About Australians: Flappers to Vietnam
Australia emerged from World War I into a decade of profound change, characterised by a revolution in behaviour amongst the young; by the first great age of consumerism; and by secret right wing armies and the growth of the Communist Party.
As in the two previous volumes of Australians, Thomas Keneally brings history to vivid and pulsating life as he traces the lives and the deeds of Australians known and unknown. He follows the famous and the infamous through the Great Crash and the rise of Fascism, and explains how Australia was inexorably drawn into a war that led her forces into combat throughout Asia, Africa, Europe and the Pacific. At home an atmosphere of fear grew with the fall of Singapore and the bombing of Darwin, the Japanese advance and then the arrival of General MacArthur.
The 1950s-depicted by some as an age of full employment, by others as the age of suburban spread and boredom under the serene prime ministership of Robert Menzies-were as complicated as Menzies himself. Most Australians believed there would be nuclear war before the end of the decade. The Korean War and British testing of the atomic bomb in South Australia were seen as preludes. With the defection of the Soviet spy Ivan Petrov, Australians were convinced they were living in the last of days. On the street, the face of Australia was undergoing an Italian, Greek and Slavic-led change. And in even greater upheaval, Asian trade and immigration were coming our way as we advanced towards a war in Vietnam and the firming of the American alliance. The result of masterly writing and exhaustive research, this volume of Australians brings our more recent history to vibrant and robust life.
About Thomas Keneally
Thomas Keneally is one of Australia’s best known and most respected authors, writing both fiction and non-fiction and is celebrating 50 years as a published author in 2014.
Feted at a recent gala event by the cream of Australian literary and film circles (including Fred Schepsi, Kathy Lette, David Williamson and Brian Brown), Tom Keneally is a true Australian treasure.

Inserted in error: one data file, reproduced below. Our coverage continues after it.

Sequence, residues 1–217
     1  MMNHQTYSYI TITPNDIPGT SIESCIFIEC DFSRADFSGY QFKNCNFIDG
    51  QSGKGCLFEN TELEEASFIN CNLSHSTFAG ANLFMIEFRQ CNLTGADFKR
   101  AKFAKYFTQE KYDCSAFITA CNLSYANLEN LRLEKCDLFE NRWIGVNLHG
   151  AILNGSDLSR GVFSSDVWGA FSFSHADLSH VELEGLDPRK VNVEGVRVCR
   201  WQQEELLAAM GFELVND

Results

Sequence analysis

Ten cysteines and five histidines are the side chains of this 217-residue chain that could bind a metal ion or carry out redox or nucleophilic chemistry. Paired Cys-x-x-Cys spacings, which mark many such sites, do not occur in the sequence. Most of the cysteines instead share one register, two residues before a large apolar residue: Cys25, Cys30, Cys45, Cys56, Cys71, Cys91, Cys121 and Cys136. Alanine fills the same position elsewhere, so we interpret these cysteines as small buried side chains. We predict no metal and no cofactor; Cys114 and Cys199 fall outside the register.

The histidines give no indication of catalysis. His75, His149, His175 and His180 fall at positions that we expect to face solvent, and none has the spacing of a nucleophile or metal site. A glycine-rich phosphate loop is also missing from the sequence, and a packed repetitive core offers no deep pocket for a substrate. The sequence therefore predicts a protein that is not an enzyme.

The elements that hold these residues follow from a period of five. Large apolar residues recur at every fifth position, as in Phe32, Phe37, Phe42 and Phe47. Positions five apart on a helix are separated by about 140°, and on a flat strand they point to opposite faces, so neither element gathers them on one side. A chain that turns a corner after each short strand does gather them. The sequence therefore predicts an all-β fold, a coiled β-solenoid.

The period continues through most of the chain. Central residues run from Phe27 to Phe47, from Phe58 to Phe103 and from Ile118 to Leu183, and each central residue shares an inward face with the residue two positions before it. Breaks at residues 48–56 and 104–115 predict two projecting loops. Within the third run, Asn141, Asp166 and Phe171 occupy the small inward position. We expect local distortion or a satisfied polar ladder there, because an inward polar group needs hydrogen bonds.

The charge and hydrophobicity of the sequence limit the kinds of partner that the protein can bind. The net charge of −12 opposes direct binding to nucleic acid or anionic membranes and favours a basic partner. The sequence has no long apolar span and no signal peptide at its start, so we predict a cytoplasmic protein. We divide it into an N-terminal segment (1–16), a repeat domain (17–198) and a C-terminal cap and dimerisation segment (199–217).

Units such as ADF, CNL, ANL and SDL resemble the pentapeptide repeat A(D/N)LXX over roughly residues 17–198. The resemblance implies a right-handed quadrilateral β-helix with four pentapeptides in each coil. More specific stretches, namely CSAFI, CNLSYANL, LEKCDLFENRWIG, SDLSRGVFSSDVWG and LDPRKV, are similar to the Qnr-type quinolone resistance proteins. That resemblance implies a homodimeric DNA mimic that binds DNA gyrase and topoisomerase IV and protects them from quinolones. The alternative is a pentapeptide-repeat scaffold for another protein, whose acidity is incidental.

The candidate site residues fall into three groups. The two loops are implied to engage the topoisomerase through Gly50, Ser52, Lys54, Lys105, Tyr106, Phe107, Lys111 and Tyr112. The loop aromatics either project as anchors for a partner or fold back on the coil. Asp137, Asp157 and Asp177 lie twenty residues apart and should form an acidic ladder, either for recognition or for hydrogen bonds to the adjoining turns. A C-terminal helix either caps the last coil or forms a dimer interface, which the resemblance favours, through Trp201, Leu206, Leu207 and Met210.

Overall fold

His most recent novel Shame and the Captives tells the story of a POW camp in a small Australian town very much like Cowra, Daughters of Mars follows two sisters who become nurses during the First World War. He is most famous for Schindler’s Ark (made into the movie Schindler’s List by Steven Speilberg) and The Chant of Jimmy Blacksmith among others. Tom’s first novel, A Place at Whitton has been reissued in an anniversary edition.
Tom’s fiction includes The Widow And Her Hero (shortlisted for the Prime Minister’s Literary Award), An Angel In Australia and Bettany’s Book. His novels The Chant of Jimmy Blacksmith, Gossip from the Forest, and Confederates were all shortlisted for the Booker Prize, while Bring Larks and Heroes and Three Cheers For The Paraclete won the Miles Franklin Award. The People’s Train was longlisted for the Miles Franklin Award and shortlisted for the Commonwealth Writers Prize, South East Asia division.
Tom has also undertaken an ambitious and wide-ranging history of Australia in three volumes, Australians: Origins to Eureka (Volume One) and Australians: Eureka to the Diggers (Volume Two) traces the people who have formed our national story. Volume Three, which extends to the present day is due out in November.
Tom Keneally has the won the Miles Franklin Award, the Booker Prize, the Los Angeles Book Prize, the Royal Society of Literature Prize, the Scripter Award of the University of Southern California, the Mondello International Prize and the Helmerich Prize. He lives in Sydney with his wife, Judy.